|Publication number||US5188978 A|
|Application number||US 07/754,276|
|Publication date||Feb 23, 1993|
|Filing date||Aug 30, 1991|
|Priority date||Mar 2, 1990|
|Publication number||07754276, 754276, US 5188978 A, US 5188978A, US-A-5188978, US5188978 A, US5188978A|
|Inventors||Joel deSouza, James H. Greiner, Devendra K. Sadana|
|Original Assignee||International Business Machines Corporation|
|Export Citation||BiBTeX, EndNote, RefMan|
|Patent Citations (12), Non-Patent Citations (10), Referenced by (13), Classifications (10), Legal Events (6)|
|External Links: USPTO, USPTO Assignment, Espacenet|
This application is a continuation of application Ser. No. 487,501, filed on Mar. 2, 1990, abandoned.
1. Field of the Invention
The present invention relates to doping of semiconductor III-V compounds with silicon and more particularly, to a method of silicon diffusion by thermal oxidation of a silicon capping layer.
2. Description of the Prior Art
In the fabrication of devices made from III-V compounds, such as gallium arsenide, doping is accomplished by ion implantation of the dopant elements. The control of the doping profiles in the layers of semiconductor material to obtain shallow junctions is generally achieved by implanting the dopants, such as silicon, to a predetermined depth as required to provide the desired electrical characteristics to the device. Subsequent to the step of ion implantation, it is necessary to anneal the semiconductor material to remove the damage caused by the implanted ions. Nevertheless, the damage that was produced by the ion implantation sets a limit on the electrical activation and carrier mobility in the III-V compounds. In addition, the activation efficiency typically degrades with an increasing dose of the implanted ions.
The diffusion of silicon into the III-V compounds has attracted attention as an alternative to ion implantation. Greiner et al. Appl. Phys. Lett. 44(8) 1984 disclose a method for diffusing silicon in gallium arsenide by using rapid thermal processing. The process includes depositing a layer of silicon by electron beam evaporation and subsequently depositing a layer of silicon dioxide by plasma enhanced chemical vapor deposition. Diffusion was accomplished by subsequently annealing the oxide capped silicon in a rapid thermal annealer, resulting in sheet resistances as low as 50 ohms per square and a maximum electron concentration of 5-6×1018 -cm-3. No measurable diffusion was obtained by annealing uncapped layers of silicon. The use of the two different processes for depositing the silicon and for depositing the silicon dioxide cap layer presents manufacturing difficulties and may cause deficiencies in device characteristics.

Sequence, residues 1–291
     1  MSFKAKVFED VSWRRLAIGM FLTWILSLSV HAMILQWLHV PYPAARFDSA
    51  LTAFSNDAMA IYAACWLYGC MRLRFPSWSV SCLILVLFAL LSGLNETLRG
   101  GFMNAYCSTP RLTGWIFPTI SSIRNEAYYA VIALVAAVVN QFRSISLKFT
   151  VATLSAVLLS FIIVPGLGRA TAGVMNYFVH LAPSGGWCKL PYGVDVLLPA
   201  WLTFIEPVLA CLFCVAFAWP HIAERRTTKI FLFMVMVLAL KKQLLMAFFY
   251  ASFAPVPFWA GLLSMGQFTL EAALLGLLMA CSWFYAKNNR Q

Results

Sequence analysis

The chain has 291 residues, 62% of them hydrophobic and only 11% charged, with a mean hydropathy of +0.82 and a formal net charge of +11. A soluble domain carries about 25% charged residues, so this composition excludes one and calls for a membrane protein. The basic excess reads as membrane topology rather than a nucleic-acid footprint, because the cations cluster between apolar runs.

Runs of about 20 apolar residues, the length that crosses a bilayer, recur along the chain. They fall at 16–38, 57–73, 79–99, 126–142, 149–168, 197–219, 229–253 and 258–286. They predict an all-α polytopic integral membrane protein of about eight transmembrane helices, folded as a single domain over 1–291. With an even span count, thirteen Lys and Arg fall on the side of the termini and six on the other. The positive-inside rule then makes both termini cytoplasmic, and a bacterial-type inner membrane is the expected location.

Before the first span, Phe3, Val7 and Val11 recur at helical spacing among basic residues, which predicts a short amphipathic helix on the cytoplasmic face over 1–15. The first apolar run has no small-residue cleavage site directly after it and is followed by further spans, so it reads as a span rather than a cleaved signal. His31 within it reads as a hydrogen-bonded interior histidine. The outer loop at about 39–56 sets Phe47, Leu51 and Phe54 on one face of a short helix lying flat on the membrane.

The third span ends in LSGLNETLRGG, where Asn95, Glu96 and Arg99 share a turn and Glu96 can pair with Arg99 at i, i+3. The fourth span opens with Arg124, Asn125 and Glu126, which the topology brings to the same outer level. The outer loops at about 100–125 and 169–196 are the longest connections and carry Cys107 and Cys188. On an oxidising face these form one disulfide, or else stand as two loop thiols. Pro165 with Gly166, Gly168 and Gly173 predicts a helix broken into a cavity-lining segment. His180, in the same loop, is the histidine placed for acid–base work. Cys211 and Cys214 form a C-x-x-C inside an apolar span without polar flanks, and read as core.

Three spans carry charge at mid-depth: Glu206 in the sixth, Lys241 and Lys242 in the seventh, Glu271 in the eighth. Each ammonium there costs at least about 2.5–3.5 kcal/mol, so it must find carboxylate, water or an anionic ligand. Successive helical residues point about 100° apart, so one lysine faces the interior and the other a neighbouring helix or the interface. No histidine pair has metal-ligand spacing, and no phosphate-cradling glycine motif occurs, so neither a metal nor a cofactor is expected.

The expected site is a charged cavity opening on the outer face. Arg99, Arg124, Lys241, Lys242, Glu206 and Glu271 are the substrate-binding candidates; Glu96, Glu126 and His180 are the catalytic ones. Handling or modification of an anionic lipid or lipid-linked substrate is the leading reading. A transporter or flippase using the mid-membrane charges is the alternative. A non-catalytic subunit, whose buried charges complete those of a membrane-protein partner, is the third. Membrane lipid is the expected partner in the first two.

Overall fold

The present invention is directed to a method for silicon doping of III-V semiconductor compounds by thermal oxidation of a layer of silicon deposited on the III-V material. The oxidation of the silicon capped III-V substrate causes silicon to diffuse into the underlying III-V material and at the same time causes Ga and possibly also As to diffuse out of the substrate. In addition, the silicon diffused into the III-V substrate is simultaneously activated by the thermal oxidation process. Moreover, a small amount of O2 from the oxidation atmosphere diffuses into the Si layer, which may combine with silicon at the surface to form a very thin top layer of silicon dioxide. The thermal oxidation of the silicon layer results in increased electrical activation of the diffused Si and reduced sheet resistance for shallow doping regions. The sheet resistance and the depth of the silicon diffusion is controlled by the thickness of the silicon layer and the oxidation conditions. The thermal oxidation may be performed in situ with the silicon deposition thereby greatly simplifying the manufacturing process. Thus, for the first time, silicon diffusion into a III-V compound substrate can be achieved by a well controlled process without depositing a SiO2 cap layer as was taught by the prior art.